A Shrewdness of Apes

An Okie teacher banished to the Midwest. "Education is not the filling a bucket but the lighting of a fire."-- William Butler Yeats

Saturday, August 19, 2006

And filed under the category of: "DUH!"

This one's interesting.
Across the country, middle and high school students like Oakley are being required to spend more class time on English and math as officials try to raise test scores and meet the requirements of the federal No Child Left Behind law.

Variations of the double-dose approach are being used in districts in such places as Kansas, Missouri, Texas, New Jersey and California.

Some students attend two class periods each day of English and math, and often one of those English classes is devoted to reading instruction -- something that traditionally ends when students leave elementary school.

Some schools offer longer classes, or classes that meet every day instead of every other day, or classes that are offered for a full year instead of a single semester.

The approach appears to pay off at test time, but some educators worry that youngsters forced to give up some of their electives are being deprived of a well-rounded education and the opportunity to explore new subjects.

Havenscourt Middle School in Oakland, California, decided to require two class periods of the core subjects for all students. The change left no time for electives and forced the school to drop wood shop, art, music and Spanish. Now, those electives and others are offered before and after school as extras.

"We can't say it's OK to spend so much time on the basics that we let the broader curriculum slide," said American Federation of Teachers spokesman John See, a former math teacher.

The union said 87 percent of its members -- across all grade levels -- reported in an April 2005 survey that increases in testing have pushed important subjects and activities out of the curriculum.

In March, the Washington-based Center on Education Policy released a survey that showed 71 percent of a sampling of 299 of the nation's 15,000 school districts were spending more time on math and reading to the exclusion of other subjects.

In Kansas, students at Oakley's high school have switched to a new program that requires freshmen and sophomores to prove they understand math concepts on two tests to get credit for a skill. Also, all ninth-graders are enrolled in two English classes, with one aimed at improving their reading skills.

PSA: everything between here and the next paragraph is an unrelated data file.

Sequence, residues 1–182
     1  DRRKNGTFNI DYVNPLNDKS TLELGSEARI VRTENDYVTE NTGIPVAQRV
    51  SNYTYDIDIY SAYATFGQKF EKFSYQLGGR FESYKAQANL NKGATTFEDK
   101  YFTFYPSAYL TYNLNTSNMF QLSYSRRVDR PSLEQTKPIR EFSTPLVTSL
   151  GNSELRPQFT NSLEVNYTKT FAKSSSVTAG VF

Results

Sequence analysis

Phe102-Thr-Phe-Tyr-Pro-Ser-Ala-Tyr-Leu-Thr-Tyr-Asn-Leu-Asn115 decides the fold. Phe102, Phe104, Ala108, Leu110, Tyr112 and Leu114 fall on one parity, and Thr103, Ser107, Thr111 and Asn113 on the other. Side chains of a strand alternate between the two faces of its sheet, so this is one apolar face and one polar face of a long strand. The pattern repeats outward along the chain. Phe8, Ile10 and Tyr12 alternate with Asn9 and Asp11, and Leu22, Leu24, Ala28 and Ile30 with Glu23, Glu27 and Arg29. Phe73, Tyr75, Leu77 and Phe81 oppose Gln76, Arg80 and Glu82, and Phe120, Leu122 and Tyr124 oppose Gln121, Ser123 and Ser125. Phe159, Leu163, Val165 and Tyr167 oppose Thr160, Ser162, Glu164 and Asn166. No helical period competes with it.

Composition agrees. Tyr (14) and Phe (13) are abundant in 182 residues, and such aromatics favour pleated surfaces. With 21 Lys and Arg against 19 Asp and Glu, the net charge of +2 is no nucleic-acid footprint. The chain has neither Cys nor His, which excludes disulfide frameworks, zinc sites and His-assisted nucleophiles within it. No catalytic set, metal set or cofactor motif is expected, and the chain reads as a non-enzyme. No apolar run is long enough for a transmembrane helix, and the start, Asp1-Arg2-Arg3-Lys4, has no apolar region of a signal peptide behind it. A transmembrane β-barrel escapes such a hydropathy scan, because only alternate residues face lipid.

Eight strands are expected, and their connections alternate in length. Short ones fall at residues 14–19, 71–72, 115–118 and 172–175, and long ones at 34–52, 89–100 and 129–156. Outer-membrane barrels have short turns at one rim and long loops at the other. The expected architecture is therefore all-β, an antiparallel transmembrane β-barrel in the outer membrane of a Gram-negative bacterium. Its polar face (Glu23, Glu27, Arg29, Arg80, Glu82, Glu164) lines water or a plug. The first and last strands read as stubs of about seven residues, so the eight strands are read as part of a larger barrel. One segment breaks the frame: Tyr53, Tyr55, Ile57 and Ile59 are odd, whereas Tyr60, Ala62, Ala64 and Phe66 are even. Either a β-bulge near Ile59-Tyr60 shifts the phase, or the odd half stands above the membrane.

Steve Gering, the assistant superintendent of teaching and learning in the district, said it is a balancing act between basic skills and electives.

"We are constantly trying to figure out, how can we get this young person in band because it's the right thing and double-block math and English," Gering said. "What's wrong is to wholesale eliminate electives."


I've seen it among some of the people in my own district who teach social studies. They've been informed that their sole raison d'etre is to raise English scores.

And if the kids learn a bit about history, sociology, or citizenship?

Pure bonus. But not considered important.

10 Comments:

At 8/19/06, 9:37 PM, Blogger Ms. Q said...

While my district and school refrain from explicitly saying that we (social studies teachers) exist merely to raise the reading and writing scores of our students, what are we to think when we are forced to attend literacy prof dev days, or not allowed to attend a social studies conference, but a reading one? I don't mind, since I have taught and continue to teach both. Is it wrong to want to raise the scores? Yes, in that if that's the purpose. No, if we are truly trying to give our students academic skills necessary for later in life. What is wrong is not focusing on our subject as valid, need to know information. Same with music, art, PE, and all the other electives that are falling off the curriculum totem pole. Do we need to remind everyone of the benefits of these programs? What are we going to do when these kids are readin' and writin' out?